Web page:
In trying to provide actual scientific evidence for their belief that they have no free will, but are just ‘mindless automatons’, atheists will often invoke the experiments of Benjamin Libet from 1983. Yet Libet himself was a strong defender of free will:
In fact Libet himself stated this,,,
Moreover, despite the widespread false belief in Academia that Libet himself supported a ‘deterministic brain’, the experimental work of Libet, that materialists have often invoked to falsely support their belief in a ‘deterministic brain’, has now been reexamined in finer experimental detail and found to be contrary to their deterministic presuppositions:
Moreover, besides ‘veto power’ invalidating Novella’s claim that we are merely deterministic robots with no free will, recent evidence from quantum mechanics has now come into the picture and also invalidated Novella’s deterministic view of reality.
Specifically, Steven Weinberg himself, who is also an atheist, noted that in quantum mechanics, in what is termed ‘the instrumentalist approach’, humans are brought into the laws of physics at the most fundamental level instead of humans being a result of the laws of physics as Darwinists had falsely imagined us to be.
Needless to say, Atheists don’t like the “instrumentalist approach” of quantum mechanics since it, by letting free will into the laws of nature at the most fundamental level, directly undermines the Darwinian worldview from within. Yet, the “instrumentalist approach”, in spite of how atheists may personally feel about it, is experimentally confirmed to be true by contextuality and/or by the Kochen-Speckter Theorem.
In regards to contextuality we find that In the quantum world, the property that you discover through measurement is not the property that the system actually had prior to the measurement process. What you observe necessarily depends on how you carried out the observation.,,, and,,, Measurement outcomes depend on all the other measurements that are performed – the full context of the experiment.
Contextuality means that quantum measurements can not be thought of as simply revealing some pre-existing properties of the system under study.
And as Anton Zeilinger states in the following video, “what we perceive as reality now depends on our earlier decision what to measure. Which is a very, very, deep message about the nature of reality and our part in the whole universe. We are not just passive observers.”
Of note: since our free will choices figure so prominently in how reality is actually found to be constructed in our understanding of quantum mechanics, (i.e. “we are not just passive observers”), I think a Christian perspective on just how important our choices are in this temporal life, in regards to our eternal destiny, is very fitting. Specifically, although free will is often thought of as allowing someone to choose between a veritable infinity of options, in a theistic view of reality that veritable infinity of options all boils down to just two options. Eternal life, (infinity if you will), with God, or Eternal life, (infinity again if you will), without God. C.S. states it as such:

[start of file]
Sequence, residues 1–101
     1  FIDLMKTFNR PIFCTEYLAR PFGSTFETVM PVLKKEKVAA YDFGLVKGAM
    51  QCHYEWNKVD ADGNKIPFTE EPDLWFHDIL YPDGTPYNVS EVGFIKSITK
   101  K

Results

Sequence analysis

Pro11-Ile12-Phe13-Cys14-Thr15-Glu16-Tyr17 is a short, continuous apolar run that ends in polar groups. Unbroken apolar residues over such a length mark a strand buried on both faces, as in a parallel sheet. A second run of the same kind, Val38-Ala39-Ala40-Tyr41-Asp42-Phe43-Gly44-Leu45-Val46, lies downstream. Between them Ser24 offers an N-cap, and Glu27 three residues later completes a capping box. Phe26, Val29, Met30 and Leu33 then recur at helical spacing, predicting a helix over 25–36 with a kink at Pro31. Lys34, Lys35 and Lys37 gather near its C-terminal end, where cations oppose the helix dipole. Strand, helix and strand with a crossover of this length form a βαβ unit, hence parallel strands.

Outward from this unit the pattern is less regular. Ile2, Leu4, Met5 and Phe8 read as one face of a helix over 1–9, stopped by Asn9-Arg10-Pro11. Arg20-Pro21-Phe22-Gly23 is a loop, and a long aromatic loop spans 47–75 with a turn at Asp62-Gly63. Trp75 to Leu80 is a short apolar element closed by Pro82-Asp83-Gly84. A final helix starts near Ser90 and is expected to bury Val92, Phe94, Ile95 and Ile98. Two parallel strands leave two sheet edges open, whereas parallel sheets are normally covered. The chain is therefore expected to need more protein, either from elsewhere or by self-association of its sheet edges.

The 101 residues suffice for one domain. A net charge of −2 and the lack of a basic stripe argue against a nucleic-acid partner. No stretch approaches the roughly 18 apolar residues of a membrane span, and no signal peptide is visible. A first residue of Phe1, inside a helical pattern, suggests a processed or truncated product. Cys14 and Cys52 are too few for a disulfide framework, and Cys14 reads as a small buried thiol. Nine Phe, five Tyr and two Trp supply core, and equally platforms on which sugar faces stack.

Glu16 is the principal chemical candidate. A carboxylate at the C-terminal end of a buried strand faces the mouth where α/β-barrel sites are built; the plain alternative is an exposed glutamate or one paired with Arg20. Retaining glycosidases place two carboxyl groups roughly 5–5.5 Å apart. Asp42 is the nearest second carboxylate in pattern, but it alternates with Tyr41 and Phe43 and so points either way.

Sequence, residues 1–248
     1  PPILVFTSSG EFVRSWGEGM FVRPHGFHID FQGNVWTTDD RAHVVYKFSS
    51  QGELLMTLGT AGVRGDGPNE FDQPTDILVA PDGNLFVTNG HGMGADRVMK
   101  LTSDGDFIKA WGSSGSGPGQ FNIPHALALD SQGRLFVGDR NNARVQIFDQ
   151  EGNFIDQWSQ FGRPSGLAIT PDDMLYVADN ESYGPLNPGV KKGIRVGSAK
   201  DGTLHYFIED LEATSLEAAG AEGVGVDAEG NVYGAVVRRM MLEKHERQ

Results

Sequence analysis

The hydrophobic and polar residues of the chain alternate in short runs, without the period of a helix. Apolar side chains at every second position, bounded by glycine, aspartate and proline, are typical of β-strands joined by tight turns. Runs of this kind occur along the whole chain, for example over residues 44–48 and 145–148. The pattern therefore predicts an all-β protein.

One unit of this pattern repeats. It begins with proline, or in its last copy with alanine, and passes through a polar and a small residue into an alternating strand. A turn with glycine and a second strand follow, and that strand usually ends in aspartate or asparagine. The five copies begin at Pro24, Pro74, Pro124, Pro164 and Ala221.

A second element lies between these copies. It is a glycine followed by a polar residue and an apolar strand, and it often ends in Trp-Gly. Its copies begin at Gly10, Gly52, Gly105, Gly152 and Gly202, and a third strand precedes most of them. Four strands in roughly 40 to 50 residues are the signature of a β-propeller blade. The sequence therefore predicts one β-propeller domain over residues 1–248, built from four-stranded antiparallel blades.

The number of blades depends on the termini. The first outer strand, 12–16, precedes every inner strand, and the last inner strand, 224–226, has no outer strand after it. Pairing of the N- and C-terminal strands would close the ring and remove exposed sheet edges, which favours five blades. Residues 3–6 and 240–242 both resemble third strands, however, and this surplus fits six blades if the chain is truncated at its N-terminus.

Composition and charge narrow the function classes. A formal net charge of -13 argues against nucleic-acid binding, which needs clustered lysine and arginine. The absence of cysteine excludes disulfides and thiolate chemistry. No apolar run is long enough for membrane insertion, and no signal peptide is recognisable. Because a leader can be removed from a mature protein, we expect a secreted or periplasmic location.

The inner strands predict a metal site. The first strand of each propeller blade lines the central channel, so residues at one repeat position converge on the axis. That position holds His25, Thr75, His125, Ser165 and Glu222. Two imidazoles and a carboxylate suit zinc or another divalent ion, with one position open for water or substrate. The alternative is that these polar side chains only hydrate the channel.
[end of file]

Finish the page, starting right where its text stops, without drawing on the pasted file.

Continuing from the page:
And exactly as would be expected on the Christian view of reality, we find two very different eternities in reality. An ‘infinitely destructive’ eternity associated with General Relativity and a extremely orderly eternity associated with Special Relativity:
One final note, although Novella claims that the meaning we have in our lives is merely subjective, he is wrong. There is VERY powerful evidence from science strongly indicating that our lives do indeed have objective meaning, value, and purpose.
The self-referential incoherence is now undeniable.
Oh please …. there is, obviously, no basis for your distinction between “theoretical” and “practical.” If there is no free will, then there is also no “practical free will.”
Please understand how irrational your position is:
If what we think, believe and do can be traced back to events over which we have no control — events that took place before we were even born, then we cannot vouch — or be responsible — for any of our beliefs and rationality breaks down.
“Our meaning” cannot be ours since it is, like everything else, a consequence of events beyond our control.
To sum it up, this Novella guy is incoherent, bitter and rejecting any criticism:
Other people get confused by “grades” of free will (“how free is our choice”?), but miss the fact that if we have even a grain of free will, then WE DO have free will. It’s as simple as that:
What do you call someone that repeats over and over the same faulty argument and is unwilling to listen to logical counterarguments?
aarceng @ 1: Exactly! How do a/mats miss that point every time?